In the last two years, the same regulators have allowed for slot machine operators to run electronic roulette and craps games in Miami-Dade and Broward, allowed a dormant jai alai permit to be used to expand the number of slot machines at Magic City Casino, and allowed Tampa Bay Downs and Gulfstream Racetrack to run a one-time race in June so they could offer thoroughbred races via simulcast year-round.

These are just among a handful of decisions by state regulators that have effectively expanded the gambling footprint in Florida under Gov. Rick Scott.

“There are a couple of clever lawyers out there and we’re seeing a lot of strange decisions,’’ said Kent Stirling, executive director of the Florida Horsemen’s Benevolent and Protective Association, told the Herald/Times. “If the law doesn’t specifically say no, the answer from the department seems to be, always, yes.”

The rulings have not gone without notice by top legislative leaders who have ordered up a comprehensive study of gambling in Florida. They say they want the debate to include the loophole-driven expansion of gambling, as well as a discussion about whether to authorize destination resort casinos being pushed by the world’s gambling giants.

On Monday, legislators will receive the first of a two-part, $388,000 study ordered from Spectrum Gaming Group, a New Jersey-based expert in gambling analysis. The second part will come in October and legislators expect to recommend changes in March that could include whether or not to approve destination gambling.

“It behooves the Legislature to walk through all the statutes very deliberately with the goal of possibly rewriting those statutes to add clarification,’’ said Sen. Garrett Richter, R-Naples, chairman of the Senate Gaming Committee that will conduct the review next session.

Sen. John Thrasher, R-St. Augustine, a veteran of the gambling law fight who once lobbied on behalf of the Jacksonville greyhound track, believes the Legislature’s failure to reform its gambling laws has led to the inadvertent expansion of gambling.

“There are people who are looking at loopholes and these things expand gambling,’’ he said. “I’m for closing loopholes. I’m not for expanding gambling in Florida.’’

Lawyers at the Florida Department of Business and Professional Regulation’s Division of Pari-Mutuel Wagering, wouldn’t comment Friday when asked about the pattern of rulings.

“DBPR is a regulatory agency that implements the laws created by the Legislature,’’ said Ronnie Whitaker, DBPR chief of staff.

A draft of the first part of the Spectrum report suggests that “the overall financial trend for Florida pari-mutuels has been on a steady downward spiral.” But if the Legislature refrains from putting together a comprehensive gambling plan, as it has in the past, the report warns there will be consequences.

“Based on our research and experience in Florida and elsewhere, gaming will evolve in Florida whether or not the Florida Legislature develops a plan and puts that plan into action,’’ the draft report concludes. “Absent any plan, however, that evolution would be haphazard and would be far less likely to address or advance any public-policy goals.”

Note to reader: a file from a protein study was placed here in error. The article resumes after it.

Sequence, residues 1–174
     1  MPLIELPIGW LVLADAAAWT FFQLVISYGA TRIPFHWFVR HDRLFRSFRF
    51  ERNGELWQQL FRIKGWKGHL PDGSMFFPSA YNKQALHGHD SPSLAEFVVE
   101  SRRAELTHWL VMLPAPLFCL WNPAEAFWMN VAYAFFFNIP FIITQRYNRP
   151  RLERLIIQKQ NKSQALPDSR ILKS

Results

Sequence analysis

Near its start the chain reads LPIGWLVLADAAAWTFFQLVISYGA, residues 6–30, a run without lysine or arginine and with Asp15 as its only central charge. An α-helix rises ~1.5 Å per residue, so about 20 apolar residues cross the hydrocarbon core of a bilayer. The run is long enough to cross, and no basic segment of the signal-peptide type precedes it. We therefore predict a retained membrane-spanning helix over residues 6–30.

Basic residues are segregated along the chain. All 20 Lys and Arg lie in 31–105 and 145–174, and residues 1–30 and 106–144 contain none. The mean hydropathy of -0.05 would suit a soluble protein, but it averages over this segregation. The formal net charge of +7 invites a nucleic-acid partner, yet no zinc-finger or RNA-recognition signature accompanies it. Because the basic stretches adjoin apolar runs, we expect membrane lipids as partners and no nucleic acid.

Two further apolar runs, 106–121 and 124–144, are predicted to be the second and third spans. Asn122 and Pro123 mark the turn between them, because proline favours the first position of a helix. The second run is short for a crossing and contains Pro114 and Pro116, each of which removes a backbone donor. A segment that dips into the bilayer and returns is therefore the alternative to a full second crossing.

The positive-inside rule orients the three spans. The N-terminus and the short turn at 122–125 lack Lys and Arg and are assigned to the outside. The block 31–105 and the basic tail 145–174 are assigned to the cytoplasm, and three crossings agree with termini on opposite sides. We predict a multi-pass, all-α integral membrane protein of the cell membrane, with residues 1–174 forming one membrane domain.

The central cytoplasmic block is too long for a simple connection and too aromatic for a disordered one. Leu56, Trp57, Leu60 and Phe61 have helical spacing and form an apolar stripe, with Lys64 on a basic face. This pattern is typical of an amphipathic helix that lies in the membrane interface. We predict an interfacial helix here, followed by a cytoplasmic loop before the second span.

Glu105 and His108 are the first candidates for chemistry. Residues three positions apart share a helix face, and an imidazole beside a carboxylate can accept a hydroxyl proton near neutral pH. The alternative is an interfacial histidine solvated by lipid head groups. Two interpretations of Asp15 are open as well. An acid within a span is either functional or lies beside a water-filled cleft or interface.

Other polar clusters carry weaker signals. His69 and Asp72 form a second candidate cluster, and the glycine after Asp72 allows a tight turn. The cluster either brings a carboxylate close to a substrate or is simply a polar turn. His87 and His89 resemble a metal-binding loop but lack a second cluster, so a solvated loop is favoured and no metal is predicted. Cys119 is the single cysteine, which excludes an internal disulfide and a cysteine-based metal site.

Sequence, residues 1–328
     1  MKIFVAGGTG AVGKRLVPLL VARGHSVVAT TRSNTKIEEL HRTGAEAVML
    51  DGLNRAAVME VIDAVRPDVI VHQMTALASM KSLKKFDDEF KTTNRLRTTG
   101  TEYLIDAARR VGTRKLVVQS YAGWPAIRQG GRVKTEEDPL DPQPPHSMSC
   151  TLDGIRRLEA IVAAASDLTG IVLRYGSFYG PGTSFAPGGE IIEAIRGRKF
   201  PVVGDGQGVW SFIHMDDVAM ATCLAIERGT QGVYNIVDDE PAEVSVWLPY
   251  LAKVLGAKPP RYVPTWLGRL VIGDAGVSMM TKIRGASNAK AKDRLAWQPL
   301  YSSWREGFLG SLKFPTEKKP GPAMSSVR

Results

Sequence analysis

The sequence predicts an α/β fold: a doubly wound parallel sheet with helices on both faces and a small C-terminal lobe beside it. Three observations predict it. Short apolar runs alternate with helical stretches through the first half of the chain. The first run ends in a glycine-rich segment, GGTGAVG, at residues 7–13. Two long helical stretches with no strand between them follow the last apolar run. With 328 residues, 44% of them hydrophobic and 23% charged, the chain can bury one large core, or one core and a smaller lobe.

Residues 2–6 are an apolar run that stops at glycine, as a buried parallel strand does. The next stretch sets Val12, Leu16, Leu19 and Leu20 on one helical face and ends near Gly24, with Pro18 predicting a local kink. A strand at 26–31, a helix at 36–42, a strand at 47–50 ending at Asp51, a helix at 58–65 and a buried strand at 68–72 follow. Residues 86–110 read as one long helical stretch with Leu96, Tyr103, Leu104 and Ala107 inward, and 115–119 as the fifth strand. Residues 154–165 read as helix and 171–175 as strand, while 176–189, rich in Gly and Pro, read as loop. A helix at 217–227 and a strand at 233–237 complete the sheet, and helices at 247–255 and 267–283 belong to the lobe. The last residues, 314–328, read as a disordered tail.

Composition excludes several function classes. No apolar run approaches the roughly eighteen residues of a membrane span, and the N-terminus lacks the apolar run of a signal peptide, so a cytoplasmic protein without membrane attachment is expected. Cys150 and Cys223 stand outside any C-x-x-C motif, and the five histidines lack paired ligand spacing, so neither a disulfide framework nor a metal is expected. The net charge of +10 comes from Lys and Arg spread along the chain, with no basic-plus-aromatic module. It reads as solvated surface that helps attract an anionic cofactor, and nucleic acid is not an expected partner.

Mary Ellen Klas can be reached at and on Twitter @MaryEllenKlas

Tuesday, June 25, 2013


"Let us not seek the Republican answer or the Democratic answer, but the right answer. Let us not seek to fix the blame for the past. Let us accept our own responsibility for the future."

--John F. Kennedy

Quote of the Day

"Politics have no relation to morals."

--Niccolo Machiavelli

U.S. Supreme Court Strikes Down Section 4 of the Voting Rights Act

"Always vote for principle, though you may vote alone, and you may cherish the sweetest reflection that your vote is never lost."

--John Quincy Adams

I'm not political, but whether you're right or left this is big news.

"Voting Rights Act Section 4 Struck Down By Supreme Court"

The Supreme Court struck down Section 4 of the Voting Rights Act on Tuesday, the provision of the landmark civil rights law that designates which parts of the country must have changes to their voting laws cleared by the federal government or in federal court.

The 5-4 ruling, authored by Chief Justice John Roberts and joined by Justices Antonin Scalia, Anthony Kennedy, Clarence Thomas and Samuel Alito, ruled in Shelby County v. Holder that “things have changed dramatically” in the South in the nearly 50 years since the Voting Rights Act was signed in 1965.

The court’s opinion said it did not strike down the act of Congress “lightly,” and said it “took care to avoid ruling on the constitutionality of the Voting Rights Act” in a separate case back in 2009. “Congress could have updated the coverage formula at that time, but did not do so. Its failure to act leaves us today with no choice but to declare [Section 4] unconstitutional. The formula in that section can no longer be used as a basis for subjecting jurisdictions to preclearance.”

The Voting Rights Act has recently been used to block a voter ID law in Texas and delay the implementation of another in South Carolina. Both states are no longer subject to the preclearance requirement because of the court’s ruling on Tuesday.

“Our country has changed, and while any racial discrimination in voting is too much, Congress must ensure that the legislation it passes to remedy that problem speaks to current conditions,” Roberts wrote.

“There is no doubt that these improvements are in large part because of the Voting Rights Act," he wrote. "The Act has proved immensely successful at redressing racial discrimination and integrating the voting process."

In his bench statement, Roberts said that Congress had extended a 40-year-old coverage formula based on "obsolete statistics and that the coverage formula "violates the constitution."